"A dedicated painter from Kashmir whom I came to know during my early sixty (sic; 1960s) visits. We became friends and his works gained a stature that could reflect the beauty and turmoil of Kashmiri people.... Parimu’s paintings keep singing the song of creation that is Kashmir on our planet,” wrote M.F. Husain in a note dated 1 January 2001.
Bansi Parimu (1933-91) was a self-taught artist. His early works included watercolours and oil on board but he went on to evolve his own unique style of abstract painting, both pure and figurative. The use of intense colours was a dominant feature in his work. His inspiration came from Kashmir—its people, the landscape, seasons and culture.
“There was no pre-existing genre that he adopted,” says his daughter Jheelaf Razdan, who is based in Toronto.
“He would use some sort of molten material and then paint over it, it would appear like wax falling off a burning candle. In fact, all his early abstract works showed the flow of ‘lava-type effect’ melting downwards till I think M.F. Husain suggested that he let it flow sideways and upwards too. He then started experimenting more with his work,” she adds.
In a Facebook post in August, Razdan wrote: “We have a decent collection of his works lying with my mother...it is not practical to have all his works in our possession. The paintings are priceless not because they were made by my father but simply the fact that he was an excellent artist.... The objective is not just ‘sale’ but finding the right place for his works, the right collector.”
The family has about 50 works besides the paintings they want to keep for themselves. Razdan says she and her sister live abroad and restoring and maintaining the paintings is expensive. Already, the humid weather of Mumbai, where the paintings are stored, has taken a toll on two-three works.
Parimu, a communist and political activist, was also a photographer and writer, passionate about environmental issues. He was an atheist but his painting of goddess Sharika can be seen at Srinagar’s Hari Parbat temple.
When his wife and artists like Tyeb Mehta and Bal Chhabda, even Husain, would suggest he leave Kashmir for greater exposure, Razdan says her father would just tell them: “Kashmir is my inspiration. If I leave, I won’t be able to paint.” These artists felt he was restricting himself and underplaying his talent and potential by staying back, she says. But when militancy gripped the valley, he, like other Kashmiri Pandits, was forced to leave.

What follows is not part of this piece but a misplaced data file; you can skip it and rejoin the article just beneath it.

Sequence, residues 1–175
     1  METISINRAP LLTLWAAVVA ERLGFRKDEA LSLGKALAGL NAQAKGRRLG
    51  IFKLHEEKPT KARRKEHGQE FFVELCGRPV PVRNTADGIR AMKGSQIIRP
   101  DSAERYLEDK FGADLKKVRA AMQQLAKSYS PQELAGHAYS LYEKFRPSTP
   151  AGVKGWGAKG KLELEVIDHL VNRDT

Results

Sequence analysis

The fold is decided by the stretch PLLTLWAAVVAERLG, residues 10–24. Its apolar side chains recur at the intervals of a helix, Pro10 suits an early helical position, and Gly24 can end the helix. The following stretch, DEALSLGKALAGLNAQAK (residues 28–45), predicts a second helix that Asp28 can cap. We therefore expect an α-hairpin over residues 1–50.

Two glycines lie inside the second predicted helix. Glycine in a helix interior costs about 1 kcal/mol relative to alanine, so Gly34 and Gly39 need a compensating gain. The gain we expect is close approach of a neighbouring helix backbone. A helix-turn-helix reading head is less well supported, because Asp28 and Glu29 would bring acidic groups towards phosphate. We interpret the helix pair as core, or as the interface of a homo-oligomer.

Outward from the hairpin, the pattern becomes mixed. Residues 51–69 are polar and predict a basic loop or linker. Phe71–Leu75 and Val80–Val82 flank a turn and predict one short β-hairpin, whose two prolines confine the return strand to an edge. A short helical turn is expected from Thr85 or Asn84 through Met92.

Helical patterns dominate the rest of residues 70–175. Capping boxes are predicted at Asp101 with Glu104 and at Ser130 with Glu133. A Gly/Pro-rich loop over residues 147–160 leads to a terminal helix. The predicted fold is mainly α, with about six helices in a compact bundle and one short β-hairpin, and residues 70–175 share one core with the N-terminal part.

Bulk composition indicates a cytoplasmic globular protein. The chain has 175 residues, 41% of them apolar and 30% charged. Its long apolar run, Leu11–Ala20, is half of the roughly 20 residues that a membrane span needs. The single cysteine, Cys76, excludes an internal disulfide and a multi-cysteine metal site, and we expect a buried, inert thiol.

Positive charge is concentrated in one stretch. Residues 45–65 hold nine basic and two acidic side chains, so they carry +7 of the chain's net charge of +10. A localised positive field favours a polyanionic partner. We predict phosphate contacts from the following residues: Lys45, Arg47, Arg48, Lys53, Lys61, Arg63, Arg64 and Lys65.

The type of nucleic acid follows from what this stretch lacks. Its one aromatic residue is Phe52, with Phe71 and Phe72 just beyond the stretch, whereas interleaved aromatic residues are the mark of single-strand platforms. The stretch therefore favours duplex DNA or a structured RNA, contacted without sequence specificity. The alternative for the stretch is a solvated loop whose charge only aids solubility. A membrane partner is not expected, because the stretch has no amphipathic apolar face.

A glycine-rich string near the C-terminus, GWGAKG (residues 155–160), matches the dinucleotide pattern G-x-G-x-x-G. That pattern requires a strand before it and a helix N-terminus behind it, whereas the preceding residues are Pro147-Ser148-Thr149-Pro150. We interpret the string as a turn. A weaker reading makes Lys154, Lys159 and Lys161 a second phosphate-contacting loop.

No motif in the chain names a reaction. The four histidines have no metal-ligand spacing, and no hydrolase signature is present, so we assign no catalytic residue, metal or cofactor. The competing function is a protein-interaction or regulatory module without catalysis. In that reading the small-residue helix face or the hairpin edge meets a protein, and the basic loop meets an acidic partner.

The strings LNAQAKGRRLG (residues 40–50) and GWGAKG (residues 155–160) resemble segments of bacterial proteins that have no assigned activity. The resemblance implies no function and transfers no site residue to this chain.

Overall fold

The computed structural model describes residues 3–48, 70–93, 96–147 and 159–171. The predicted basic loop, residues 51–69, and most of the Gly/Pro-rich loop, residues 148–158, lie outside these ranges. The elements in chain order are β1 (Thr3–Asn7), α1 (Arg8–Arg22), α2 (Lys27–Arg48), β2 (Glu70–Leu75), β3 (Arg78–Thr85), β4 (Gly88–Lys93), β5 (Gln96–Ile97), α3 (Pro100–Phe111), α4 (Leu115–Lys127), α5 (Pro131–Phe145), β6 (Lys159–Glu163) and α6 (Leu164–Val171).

“He was deeply attached to the language and culture, he could not accept an identity outside of these,” says Razdan.
Parimu stayed on in Kashmir till July 1990, though his wife and two daughters left for Delhi earlier in the year. He had named his house in Srinagar’s Barzulla area Takhleeq (creation). At his studio there, friends and family would gather to study and discuss his work. He did not title his works (except the few realistic ones he created), saying the viewer should be free to interpret it their way, says Razdan.
But as militancy gained ground—Razdan says he saw shells landing in their garden during encounters between the security forces and militants—his wife convinced him to leave and asked him to carry only his paintings. Parimu donated most of his books, gave the blank canvases to a friend and discarded some of his paintings, which were collected by a family friend and are displayed at the latter’s house in Srinagar, she adds.
It was hard for him to let go of his creations, she says. “My father would design our furniture too. There was this exquisite table that he had made; fearing that termites would destroy it, he gave it away.”
Takhleeq was later sold, and demolished. A new structure has replaced it.
After leaving Kashmir, Parimu switched to realistic abstract work. “It was his way of mourning and expressing his pain. Those works had a common theme around the terror unleashed, the atrocities on the common man, Kashmiri Pandit exodus, the killings of Muslims too...just about everything that was happening in Kashmir,” says Razdan.
His painting Smeared Snow, for instance, shows snow (symbolizing spirituality/peace) bleeding. Another work, Smouldering Crocus, seems vibrant and full of colour—till a closer look reveals bodies and a saffron field burning (Crocus sativus is the botanical name for saffron).
“It was like he was painting oxymorons. He was pouring out the inner and outer turbulence on to the canvas,” says Razdan. Parimu died in Delhi in July 1991, just a year after he left Kashmir. He was 58.
Smouldering Crocus, she says, was bought by C.P. Krishnan Nair of The Leela Hotels at a show held in 1992 at Delhi’s Dhoomimal Gallery. Two shows have been held since, one at Kala Ghoda in Mumbai and the other one in Dubai.
In an interview to The Sunday Times Of India just a few days before his death, Parimu had said: “I am yet to settle down. Most of my time is consumed in running from one place to another for ration card, gas, admission of my daughter. Rules don’t mention that migrants will arrive from Kashmir, so the bureaucracy is insensitive....”
Asked if he would ever be able to return to the valley, he said: “....if you search the heart of a Kashmiri migrant, most of them want to go back to Kashmir. Though it may be sheer optimism.”
Parimu could not return home but he did capture the beauty and anguish of Kashmir in his paintings.
As artist Veer Munshi, who was advised by Parimu to study fine arts at M S University Baroda and whose work also reflects the idea of lost home and identity, says: “Migration, which many of us from the Kashmiri Pandit community have experienced, has been well depicted in some of his later works. Homelessness in his art became very archival for future times to refer.”